Can Large Language Models Make Guideline‑adherent Treatment Decisions For Patients with Severe Aortic Stenosis?

Tobias Röschl (Berlin)1, M. Hoffmann (Berlin)1, D. Hashemi (Berlin)2, F. Rarreck (Berlin)1, T. D. Trippel (Berlin)3, H. Dreger (Berlin)4, J. Kempfert (Berlin)1, G. Hindricks (Berlin)5, V. Falk (Berlin)6, A. Meyer (Berlin)1

1Deutsches Herzzentrum der Charite (DHZC) Klinik für Herz-, Thorax- und Gefäßchirurgie Berlin, Deutschland; 2Deutsches Herzzentrum der Charite (DHZC) Klinik für Kardiologie, Angiologie und Intensivmedizin | CVK Berlin, Deutschland; 3Charité - Universitätsmedizin Berlin CC11: Med. Klinik m.S. Kardiologie Berlin, Deutschland; 4Deutsches Herzzentrum der Charite (DHZC) Klinik für Kardiologie, Angiologie und Intensivmedizin | CBF Berlin, Deutschland; 5Charité - Universitätsmedizin Berlin CC11: Med. Klinik m. S. Kardiologie und Angiologie Berlin, Deutschland; 6Charité - Universitätsmedizin Berlin Klinik für kardiovaskuläre Chirurgie Berlin, Deutschland


Background and Aims

Large language models, such as ChatGPT, achieve high scores in medical board exams and can solve difficult diagnostic challenges. The utility of LLMs to guide treatment decision‑making based on real clinical data is unknown. Our aim was to determine whether ChatGPT can be used for guideline‑adherent treatment decision‑making for patients with severe aortic stenosis in a realistic clinical setting.


We included 40 patients suffering from severe aortic stenosis, who had been discussed by our institutional Heart Team in 2022. We presented medical text reports, case summaries, and both, additionally enriched with clinical practice guideline content to ChatGPT to obtain a treatment decision for either surgical – or transcatheter aortic valve replacement. We evaluated ChatGPT’s treatment decisions, separately for the versions 3.5 and 4.0, in terms of agreement with treatment decisions provided by our institutional Heart Team.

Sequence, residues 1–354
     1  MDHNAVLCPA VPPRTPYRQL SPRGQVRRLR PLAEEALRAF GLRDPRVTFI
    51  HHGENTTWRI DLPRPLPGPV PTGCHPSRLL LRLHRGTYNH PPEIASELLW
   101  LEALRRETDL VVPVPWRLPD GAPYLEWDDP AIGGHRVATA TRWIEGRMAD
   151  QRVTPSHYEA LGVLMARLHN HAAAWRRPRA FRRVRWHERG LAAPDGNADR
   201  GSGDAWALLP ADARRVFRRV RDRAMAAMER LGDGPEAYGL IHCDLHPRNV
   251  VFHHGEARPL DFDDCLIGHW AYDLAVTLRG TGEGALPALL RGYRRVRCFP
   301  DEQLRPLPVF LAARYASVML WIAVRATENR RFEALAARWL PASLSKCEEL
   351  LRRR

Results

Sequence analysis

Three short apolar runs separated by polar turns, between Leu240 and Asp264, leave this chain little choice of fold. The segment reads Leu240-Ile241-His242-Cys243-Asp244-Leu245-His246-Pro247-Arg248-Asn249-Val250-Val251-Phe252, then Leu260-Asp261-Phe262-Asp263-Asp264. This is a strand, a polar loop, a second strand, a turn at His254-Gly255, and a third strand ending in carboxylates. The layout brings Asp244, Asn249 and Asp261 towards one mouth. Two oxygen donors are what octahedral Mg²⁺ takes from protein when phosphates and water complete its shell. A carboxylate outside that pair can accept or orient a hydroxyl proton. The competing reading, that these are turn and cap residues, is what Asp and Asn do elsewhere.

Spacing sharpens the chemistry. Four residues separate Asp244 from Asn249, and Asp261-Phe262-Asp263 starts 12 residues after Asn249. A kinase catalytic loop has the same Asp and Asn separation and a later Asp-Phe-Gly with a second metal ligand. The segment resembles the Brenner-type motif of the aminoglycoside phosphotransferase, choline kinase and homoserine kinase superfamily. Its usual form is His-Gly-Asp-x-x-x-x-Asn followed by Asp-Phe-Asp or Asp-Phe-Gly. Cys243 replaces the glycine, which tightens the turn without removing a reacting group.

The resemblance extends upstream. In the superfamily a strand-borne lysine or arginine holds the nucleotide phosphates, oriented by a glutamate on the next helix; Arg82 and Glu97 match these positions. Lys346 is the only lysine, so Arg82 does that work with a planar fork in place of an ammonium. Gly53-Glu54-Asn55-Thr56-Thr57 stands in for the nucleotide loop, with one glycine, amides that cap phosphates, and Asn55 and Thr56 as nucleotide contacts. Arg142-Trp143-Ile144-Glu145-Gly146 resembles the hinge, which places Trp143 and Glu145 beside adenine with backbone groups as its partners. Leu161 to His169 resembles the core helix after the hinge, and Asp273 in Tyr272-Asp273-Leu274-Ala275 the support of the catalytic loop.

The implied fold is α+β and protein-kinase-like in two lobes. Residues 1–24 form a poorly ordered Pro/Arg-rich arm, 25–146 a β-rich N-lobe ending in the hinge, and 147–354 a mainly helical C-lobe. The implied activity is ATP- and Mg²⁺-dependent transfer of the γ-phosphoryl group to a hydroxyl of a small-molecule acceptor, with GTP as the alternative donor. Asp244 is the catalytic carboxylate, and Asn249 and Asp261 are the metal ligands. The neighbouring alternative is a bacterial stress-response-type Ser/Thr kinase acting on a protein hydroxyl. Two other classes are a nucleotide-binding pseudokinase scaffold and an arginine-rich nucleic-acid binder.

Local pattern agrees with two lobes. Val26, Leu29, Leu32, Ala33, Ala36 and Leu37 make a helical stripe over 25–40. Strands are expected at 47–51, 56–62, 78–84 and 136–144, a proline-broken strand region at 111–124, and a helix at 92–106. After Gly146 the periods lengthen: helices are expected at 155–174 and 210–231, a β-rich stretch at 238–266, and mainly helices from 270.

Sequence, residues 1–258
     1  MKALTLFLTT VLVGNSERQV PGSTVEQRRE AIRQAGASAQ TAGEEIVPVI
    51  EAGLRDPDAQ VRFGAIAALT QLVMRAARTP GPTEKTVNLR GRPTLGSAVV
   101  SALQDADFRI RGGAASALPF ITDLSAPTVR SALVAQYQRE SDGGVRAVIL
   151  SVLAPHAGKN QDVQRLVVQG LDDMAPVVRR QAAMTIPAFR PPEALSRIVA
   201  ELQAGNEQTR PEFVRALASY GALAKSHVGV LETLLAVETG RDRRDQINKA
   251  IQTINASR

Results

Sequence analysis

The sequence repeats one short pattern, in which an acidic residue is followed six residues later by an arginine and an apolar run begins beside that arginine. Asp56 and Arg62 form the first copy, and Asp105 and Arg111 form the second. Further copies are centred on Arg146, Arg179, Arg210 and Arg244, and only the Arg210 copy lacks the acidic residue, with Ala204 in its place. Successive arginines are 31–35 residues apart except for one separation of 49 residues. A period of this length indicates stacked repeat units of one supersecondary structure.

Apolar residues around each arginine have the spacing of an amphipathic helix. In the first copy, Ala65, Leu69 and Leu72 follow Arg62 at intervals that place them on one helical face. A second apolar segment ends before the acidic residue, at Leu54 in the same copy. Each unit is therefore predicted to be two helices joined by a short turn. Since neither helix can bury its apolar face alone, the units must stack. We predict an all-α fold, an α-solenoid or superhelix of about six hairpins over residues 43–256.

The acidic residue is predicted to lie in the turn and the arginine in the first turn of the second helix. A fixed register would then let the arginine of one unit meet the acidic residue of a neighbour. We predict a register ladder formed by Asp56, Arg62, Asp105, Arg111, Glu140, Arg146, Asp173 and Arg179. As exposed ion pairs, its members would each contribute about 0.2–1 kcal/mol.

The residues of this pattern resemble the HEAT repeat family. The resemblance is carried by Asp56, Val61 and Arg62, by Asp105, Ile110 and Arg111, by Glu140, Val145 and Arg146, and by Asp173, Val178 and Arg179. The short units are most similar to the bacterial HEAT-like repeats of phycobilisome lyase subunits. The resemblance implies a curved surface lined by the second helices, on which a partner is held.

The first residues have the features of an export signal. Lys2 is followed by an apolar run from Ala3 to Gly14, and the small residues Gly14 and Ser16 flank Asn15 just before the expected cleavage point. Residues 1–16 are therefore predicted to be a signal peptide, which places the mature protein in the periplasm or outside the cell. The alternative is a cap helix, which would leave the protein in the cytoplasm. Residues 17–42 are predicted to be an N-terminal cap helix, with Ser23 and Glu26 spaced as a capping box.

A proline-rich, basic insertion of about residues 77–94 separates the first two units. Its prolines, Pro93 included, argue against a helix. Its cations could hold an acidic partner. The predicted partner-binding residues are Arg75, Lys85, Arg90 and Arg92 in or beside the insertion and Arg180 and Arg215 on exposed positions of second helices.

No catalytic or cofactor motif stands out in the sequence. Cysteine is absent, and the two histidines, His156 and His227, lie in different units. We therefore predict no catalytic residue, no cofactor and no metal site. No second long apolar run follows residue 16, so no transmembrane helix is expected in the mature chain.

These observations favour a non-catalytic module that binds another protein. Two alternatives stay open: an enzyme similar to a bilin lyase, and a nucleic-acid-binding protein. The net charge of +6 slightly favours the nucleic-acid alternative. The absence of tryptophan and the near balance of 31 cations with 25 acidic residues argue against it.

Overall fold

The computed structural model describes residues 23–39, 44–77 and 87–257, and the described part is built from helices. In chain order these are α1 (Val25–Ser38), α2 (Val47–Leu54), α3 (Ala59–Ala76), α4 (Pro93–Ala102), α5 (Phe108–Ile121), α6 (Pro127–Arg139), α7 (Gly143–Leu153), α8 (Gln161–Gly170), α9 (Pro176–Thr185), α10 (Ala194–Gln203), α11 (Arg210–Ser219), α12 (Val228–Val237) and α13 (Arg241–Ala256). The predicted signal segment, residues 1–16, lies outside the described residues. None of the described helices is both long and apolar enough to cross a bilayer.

Based on raw medical text reports both ChatGPT-3.5 and ChatGPT-4 invariably opted against surgical aortic valve replacement. Cohen’s kappa coefficients steadily increased from -0.47 to 0.32 and from ‑0.05 to 0.66 for ChatGPT-3.5 and ChatGPT-4, respectively, when raw medical reports were augmented by case summaries and decision‑relevant clinical practice guideline content.


ChatGPT was not capable of choosing the correct treatment option for patients with severe aortic stenosis based on raw medical reports. In addition, ChatGPT exhibited bias towards transcatheter over surgical aortic valve replacement. When medical records were extensively preprocessed, only the latest ChatGPT version showed substantial alignment with the Heart Team.
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